Marvel’s The Defenders Season 1 Review: Episodes 1-3

Hello, and welcome back to the Marvel Cinematic Universe! After four seasons of great and highly entertaining television (Daredevil Seasons 1-2, Jessica Jones Season 1, and Luke Cage Season 1) and one season that was a complete stinkfest (I'm looking at you Iron Fist. You know what you did), Netflix and Marvel television have finally delivered the ultimate payoff series that brings all the protagonists of their programs together to form an Avengers-style supergroup, The Defenders. The question is: did it live up to the hype?

My name is Dave Richards. I was your guide in Criminal Element's look at the second season of Daredevil and the debut seasons of Jessica Jones and Iron Fist. Now, I'm back to examine the action and prominent characters of The Defenders, see if the eight-episode series lives up to the hype and exceeds what has come before, and offer up my perspective as a longtime fan of and journalist covering Marvel Comics. We begin with a look at the first three episodes: “The H Word,” “Mean Right Hook,” and “Worst Behavior.”

Let's get started!

These first three episodes of The Defenders are essentially the story of how the band gets together, which is an approach that's equal measures good and bad. Good in that it allows viewers to catch up with some old friends they haven't seen in awhile, and bad in that we're forced to spend time with a character who's probably even more of a smug, uncharismatic, and nasty jerk than he was when we met him in March. Let's break down the individual arcs of these characters and where they are when we pick up with them in these first three episodes.

First of all, welcome back Jessica Jones! I have missed you! One of the best things about these first three episodes was the return of Krysten Ritter's snarky, tenacious, and superpowered P.I.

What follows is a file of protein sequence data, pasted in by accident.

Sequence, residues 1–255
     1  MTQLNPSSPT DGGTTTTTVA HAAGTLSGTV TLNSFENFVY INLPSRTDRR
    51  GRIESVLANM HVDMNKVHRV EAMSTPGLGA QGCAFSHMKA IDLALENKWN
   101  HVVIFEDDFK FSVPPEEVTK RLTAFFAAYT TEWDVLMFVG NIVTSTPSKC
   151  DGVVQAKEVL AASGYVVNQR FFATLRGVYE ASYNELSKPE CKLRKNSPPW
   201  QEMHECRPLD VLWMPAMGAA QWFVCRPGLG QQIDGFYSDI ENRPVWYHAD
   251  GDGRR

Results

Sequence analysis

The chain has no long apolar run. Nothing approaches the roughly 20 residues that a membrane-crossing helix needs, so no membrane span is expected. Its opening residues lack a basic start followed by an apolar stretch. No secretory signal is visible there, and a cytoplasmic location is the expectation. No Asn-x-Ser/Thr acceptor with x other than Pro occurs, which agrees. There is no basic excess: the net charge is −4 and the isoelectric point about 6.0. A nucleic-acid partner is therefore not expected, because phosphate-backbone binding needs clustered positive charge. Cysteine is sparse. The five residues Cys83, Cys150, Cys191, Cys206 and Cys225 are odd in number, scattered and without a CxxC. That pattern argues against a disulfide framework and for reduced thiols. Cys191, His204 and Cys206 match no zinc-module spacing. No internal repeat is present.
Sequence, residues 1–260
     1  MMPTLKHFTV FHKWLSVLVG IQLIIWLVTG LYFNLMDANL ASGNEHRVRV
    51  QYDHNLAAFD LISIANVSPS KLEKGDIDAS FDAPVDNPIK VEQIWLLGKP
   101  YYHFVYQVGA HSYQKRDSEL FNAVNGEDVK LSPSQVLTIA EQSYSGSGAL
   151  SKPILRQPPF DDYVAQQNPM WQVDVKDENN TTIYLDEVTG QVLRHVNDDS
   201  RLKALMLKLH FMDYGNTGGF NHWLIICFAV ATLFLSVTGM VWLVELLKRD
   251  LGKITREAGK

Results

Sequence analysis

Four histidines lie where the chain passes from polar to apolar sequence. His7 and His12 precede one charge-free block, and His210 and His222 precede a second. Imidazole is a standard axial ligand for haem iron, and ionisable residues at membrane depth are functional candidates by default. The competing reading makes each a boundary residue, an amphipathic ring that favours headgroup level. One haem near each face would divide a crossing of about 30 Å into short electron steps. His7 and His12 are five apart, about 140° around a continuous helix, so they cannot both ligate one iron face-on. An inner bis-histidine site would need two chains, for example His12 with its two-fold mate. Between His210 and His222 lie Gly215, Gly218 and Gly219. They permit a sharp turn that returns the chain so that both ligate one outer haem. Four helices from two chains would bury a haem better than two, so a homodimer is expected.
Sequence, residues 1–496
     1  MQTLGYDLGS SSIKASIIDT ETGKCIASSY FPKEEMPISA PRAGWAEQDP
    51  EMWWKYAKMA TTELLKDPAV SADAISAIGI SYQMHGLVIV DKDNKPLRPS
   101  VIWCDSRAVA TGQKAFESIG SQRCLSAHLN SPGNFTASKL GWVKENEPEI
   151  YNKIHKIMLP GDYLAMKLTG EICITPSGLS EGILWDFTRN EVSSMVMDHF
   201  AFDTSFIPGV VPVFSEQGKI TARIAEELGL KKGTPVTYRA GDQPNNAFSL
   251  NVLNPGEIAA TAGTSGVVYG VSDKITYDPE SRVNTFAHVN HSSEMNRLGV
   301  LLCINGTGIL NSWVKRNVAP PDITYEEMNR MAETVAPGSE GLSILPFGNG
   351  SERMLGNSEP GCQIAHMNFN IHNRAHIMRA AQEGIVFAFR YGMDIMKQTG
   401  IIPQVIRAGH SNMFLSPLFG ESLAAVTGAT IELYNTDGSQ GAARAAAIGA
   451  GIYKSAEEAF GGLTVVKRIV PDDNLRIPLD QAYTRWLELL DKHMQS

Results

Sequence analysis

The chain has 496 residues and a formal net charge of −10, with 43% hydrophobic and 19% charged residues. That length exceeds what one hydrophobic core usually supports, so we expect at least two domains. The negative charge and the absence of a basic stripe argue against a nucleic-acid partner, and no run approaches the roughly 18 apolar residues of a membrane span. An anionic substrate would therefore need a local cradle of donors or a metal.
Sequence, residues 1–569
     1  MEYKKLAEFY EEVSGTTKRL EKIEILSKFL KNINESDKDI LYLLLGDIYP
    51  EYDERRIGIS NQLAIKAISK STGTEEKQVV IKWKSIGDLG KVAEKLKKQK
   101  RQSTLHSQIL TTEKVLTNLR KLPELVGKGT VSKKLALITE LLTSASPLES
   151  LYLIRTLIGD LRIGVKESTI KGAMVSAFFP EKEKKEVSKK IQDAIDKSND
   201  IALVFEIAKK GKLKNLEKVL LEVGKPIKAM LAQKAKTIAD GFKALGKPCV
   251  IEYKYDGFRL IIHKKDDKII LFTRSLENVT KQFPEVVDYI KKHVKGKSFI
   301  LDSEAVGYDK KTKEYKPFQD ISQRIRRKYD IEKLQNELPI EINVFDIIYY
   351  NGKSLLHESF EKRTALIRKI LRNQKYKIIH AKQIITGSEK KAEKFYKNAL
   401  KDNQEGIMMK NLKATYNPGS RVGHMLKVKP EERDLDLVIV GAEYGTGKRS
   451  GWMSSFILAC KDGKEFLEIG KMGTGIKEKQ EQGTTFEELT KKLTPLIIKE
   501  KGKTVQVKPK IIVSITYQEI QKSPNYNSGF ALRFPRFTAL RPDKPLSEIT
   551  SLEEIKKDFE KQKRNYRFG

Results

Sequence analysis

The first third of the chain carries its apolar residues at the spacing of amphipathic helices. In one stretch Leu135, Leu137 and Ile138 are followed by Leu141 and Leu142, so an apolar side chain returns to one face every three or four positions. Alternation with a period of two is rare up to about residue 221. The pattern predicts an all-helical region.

It was fun to see her back in action and also a little heartbreaking to see how her newfound popularity over the Kilgrave case in Jessica Jones Season 1 is colliding with her self-loathing. When we're following Jess, the lighting and color palette develops a blue tint, and I thought that really worked. It gave Jess's scenes an added sense of pathos and beauty.

I was also very happy to have Luke Cage back both because of the cliffhanger ending of his series' first season and because Mike Colter is so charismatic and awesome as Luke. He's both a larger-than-life hero and an everyman trying to do some good for his community. Plus, Colter's expressions in fight scenes make you believe that Luke is an invulnerable superhuman and is annoyed at your feeble attempts to hurt him.

It was also kind of nice to see him searching for a way to help his community and help himself. I'm hoping that will ultimately lead to him opening the Heroes for Hire business that the comic incarnation of Luke is so well known for. The color palette of Luke's adventures was the yellow of his signature shirt and hoody, and it felt like that gave his story an extra sense of warmth and decency.

The red-hued camera palette of Matt Murdock's exploits in Episodes 1-3 was perfect. Not just because it matched the color of his Daredevil costume but because it helped convey the sense of rage that Matt is feeling in these episodes over his inability to find balance in his life.

Charlie Cox really delivers that too. In the scenes where he's using his senses to listen to the cries and crimes of the city, he makes you feel Matt's pain and desire to go out and do something. That leads to his rage over his inability to have the normal life he thinks he wants. It's like the extraordinary senses of Daredevil are both a blessing and curse for Matt, whose ability to feel guilt is extraordinary, even for a Catholic.

Anger is also a huge part of Iron Fist's arc in these first three episodes, but what Finn Jones and the writers are doing with that is nowhere near as successful as what Cox and the writers are doing with Daredevil. In Iron Fist, Jones's Danny Rand devolved from a boring and naive kid to a self-righteous, nasty, brash, angry jerk. He's an even bigger jerk in The Defenders, which picks up a few months later. I really hope this series wraps up Iron Fist's arc with the Hand because all that currently defines him is his vendetta against the evil ninjas, which makes him pretty unpleasant. When your favorite scenes with a main character are when he's being physically or verbally slapped around, there's a problem, and sadly those were the only occasions where I really appreciated Iron Fist in these first three episodes.